9 basic seven tools of qualityPresentation Transcript
The Basic Seven (B7) Tools of Quality"As much as 95% of quality related problems in the factory can be solved with seven fundamental quantitative tools." - Kaoru Ishikawa By Zaipul Anwar Business & Advanced Technology Centre, Universiti Teknologi Malaysia
What are the Basic Seven Tools of Quality? Fishbone Diagrams Histograms Pareto Analysis Flowcharts Scatter Plots Run Charts Control Charts
Where did the Basic Seven come from? Kaoru Ishikawa Known for “Democratizing Statistics” The Basic Seven Tools made statistical analysis less complicated for the average person Good Visual Aids make statistical and quality control more comprehendible.
The Basic Seven (B7) Tools of Quality Fishbone Diagrams No statistics involved Maps out a process/problem Makes improvement easier Looks like a “Fish Skeleton”
Fishbone (Cause and Effect or Ishikawa) Diagrams (1 of 4) Named after Kaoru Ishikawa Japanese Quality pioneer Resembles skeleton of a fish Focus on causes rather than symptoms of a problem Emphasizes group communication and brainstorming Stimulates discussion
Fishbone (Cause and Effect or Ishikawa) Diagrams (2 of 4) One of Seven basic tools of Japanese Quality Leads to increased understanding of complex problems Visual and presentational tool
Use in Organizations (1 of 2) Can be used to improve any product, process, or service Any area of the company that is experiencing a problem Isolates all relevant causes
Creating Fishbone Diagrams (1 of 4)• As a group: 1. Establish problem (effect) -state in clear terms -agreed upon by entire group 2. Problem becomes the “head” of the fish -draw line to head (“backbone”)
Creating a Fishbone Diagram (2 of 4)3. Decide major causes of the problem - by brainstorming - if the effect or problem is part of a process the major steps in the process can be used4. Connect major causes to backbone of the fish with slanting arrows
Creating a Fishbone Diagram (3 of 4)5. Brainstorm secondary causes for each of themajor causes6. Connect these secondary causes to theirrespective major causes7. Repeat steps 5 & 6 for sub-causes dividingwith increased specificity - usually four or five levels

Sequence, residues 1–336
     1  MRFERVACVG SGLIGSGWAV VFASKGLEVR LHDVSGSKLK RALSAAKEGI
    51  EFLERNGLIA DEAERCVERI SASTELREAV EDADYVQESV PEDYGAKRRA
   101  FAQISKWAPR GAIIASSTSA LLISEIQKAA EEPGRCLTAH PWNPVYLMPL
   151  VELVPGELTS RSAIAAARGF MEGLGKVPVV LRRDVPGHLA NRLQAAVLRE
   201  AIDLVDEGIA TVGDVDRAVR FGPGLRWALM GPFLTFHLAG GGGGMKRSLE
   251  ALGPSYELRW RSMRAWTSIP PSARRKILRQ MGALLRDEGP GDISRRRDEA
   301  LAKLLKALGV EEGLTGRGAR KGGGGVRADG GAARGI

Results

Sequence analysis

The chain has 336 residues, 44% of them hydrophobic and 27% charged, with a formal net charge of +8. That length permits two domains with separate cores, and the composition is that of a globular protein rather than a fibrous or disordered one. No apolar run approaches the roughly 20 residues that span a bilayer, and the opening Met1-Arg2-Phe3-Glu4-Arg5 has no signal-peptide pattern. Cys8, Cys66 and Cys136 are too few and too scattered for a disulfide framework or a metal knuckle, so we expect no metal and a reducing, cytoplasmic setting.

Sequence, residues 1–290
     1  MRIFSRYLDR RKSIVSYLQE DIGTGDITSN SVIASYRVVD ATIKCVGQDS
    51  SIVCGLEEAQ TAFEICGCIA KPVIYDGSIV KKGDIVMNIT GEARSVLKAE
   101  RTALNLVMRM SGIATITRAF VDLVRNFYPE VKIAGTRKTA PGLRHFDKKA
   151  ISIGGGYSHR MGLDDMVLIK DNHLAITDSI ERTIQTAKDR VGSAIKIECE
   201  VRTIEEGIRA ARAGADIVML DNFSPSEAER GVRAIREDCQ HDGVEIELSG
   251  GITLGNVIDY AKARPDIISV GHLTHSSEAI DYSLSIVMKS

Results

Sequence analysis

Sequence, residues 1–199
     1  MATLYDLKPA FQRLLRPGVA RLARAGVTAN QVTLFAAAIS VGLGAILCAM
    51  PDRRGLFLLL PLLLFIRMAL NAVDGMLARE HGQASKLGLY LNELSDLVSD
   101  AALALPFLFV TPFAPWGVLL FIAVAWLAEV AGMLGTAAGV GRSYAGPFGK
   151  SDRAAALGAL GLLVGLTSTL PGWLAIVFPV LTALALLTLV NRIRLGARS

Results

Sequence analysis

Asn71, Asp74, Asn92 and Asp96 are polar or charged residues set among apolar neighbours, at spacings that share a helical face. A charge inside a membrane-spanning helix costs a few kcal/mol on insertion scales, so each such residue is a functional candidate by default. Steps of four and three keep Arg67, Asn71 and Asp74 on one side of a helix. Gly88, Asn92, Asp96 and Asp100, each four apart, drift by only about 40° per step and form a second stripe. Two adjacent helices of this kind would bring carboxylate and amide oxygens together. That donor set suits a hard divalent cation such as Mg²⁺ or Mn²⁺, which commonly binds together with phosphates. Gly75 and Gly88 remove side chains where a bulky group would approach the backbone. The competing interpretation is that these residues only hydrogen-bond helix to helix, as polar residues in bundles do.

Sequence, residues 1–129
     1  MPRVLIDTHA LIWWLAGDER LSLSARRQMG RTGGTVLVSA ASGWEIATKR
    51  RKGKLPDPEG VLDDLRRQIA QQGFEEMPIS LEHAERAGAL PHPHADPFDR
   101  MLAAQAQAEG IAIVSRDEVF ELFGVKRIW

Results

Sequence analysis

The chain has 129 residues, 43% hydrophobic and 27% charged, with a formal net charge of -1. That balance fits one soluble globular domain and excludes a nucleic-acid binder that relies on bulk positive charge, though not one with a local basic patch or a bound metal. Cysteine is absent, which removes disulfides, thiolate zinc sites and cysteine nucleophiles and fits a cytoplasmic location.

Creating a Fishbone Diagram (4 of 4)8. Analyze and evaluate causes and sub-causes-may require the use of statistical, analytical, and graphical tools9. Decide and take action
Example (1 of 4) Step 1 & 2: Poor Service (“backbone”) (“head”)
Example (2 of 4) Step 3 & 4: Responsiveness Appearance Poor Service Attention Reliability
Example (3 of 4) Step 5, 6, & 7: Appearance Responsiveness equipment time personnel facility accuracy Poor Service One on one courtesy service dependability Attention Reliability
Example (4 of 4) Step 8 & 9: Use tools to analyze and evaluate causes Pareto diagrams, charts, and graphs Statistical analysis for causes in processes Decide and take action Use fishbone diagram, analysis and evaluations to find causes that can be fixed Take action to eliminate and fix problem causes
Exercise Create a Fishbone (cause and effect, Ishikawa) Diagram for the following: Management at Ham Industries has noticed that the productivity of its workers is well below the standard. After interviewing its employees, it was noticed that a vast majority felt dissatisfied and unhappy with their work. Your boss has asked you and a group of your peers to find the causes of worker dissatisfaction . Include all possible causes to at least the secondary level.
The Basic Seven (B7) Tools of Quality Histograms Bar chart Used to graphically represent groups of data
What is a Histogram? A Histogram is a variation of a bar chart in which data values are grouped together and put into different classes. This grouping allows you see how frequently data in each class occur in the data set.
What is a Histogram (cont.) Higher bars represent more data values in a class. Lower bars represent fewer data values in a class. On the next slide is an example of what a Histogram looks like.
Example of a Histogram
Uses for a HistogramA Histogram can be used: to display large amounts of data values in a relatively simple chart form. to tell relative frequency of occurrence. to easily see the distribution of the data. to see if there is variation in the data. to make future predictions based on the data.
Where did the Histogram Come From? The Histogram was first implemented by Kaoru Isikawa, one of Japans’ most renowned experts on quality improvement. Isikawa spent his life trying to improve quality in Japan.
Where did the Histogram Come From? (cont.) His major contributions to quality improvement are known as the basic seven tools of quality. Included in his basic seven tools of quality is the Histogram.
How do Histograms Work? First, you need need to pick a process to analyze. Next, you need a large amount of data, at least 100 data values so that patterns can become visible. Then, you need to assemble a table of the data values that you collected with regards to frequency of data values.
How do Histograms Work? (cont) Next, you need to calculate some statistics for the Histogram, including: mean, minimum, maximum, standard deviation, class width, number of classes, skewness.... Then, you actually create the Histogram using these statistics.
How do Histograms Work? (cont) After you have created a Histogram, it will take one of five shapes: Normal Distribution:
How do Histograms Work? (cont) Positively Skewed: Negatively Skewed:
How do Histograms Work? (cont) Bi-Modal Distribution: Multi-Modal Distribution: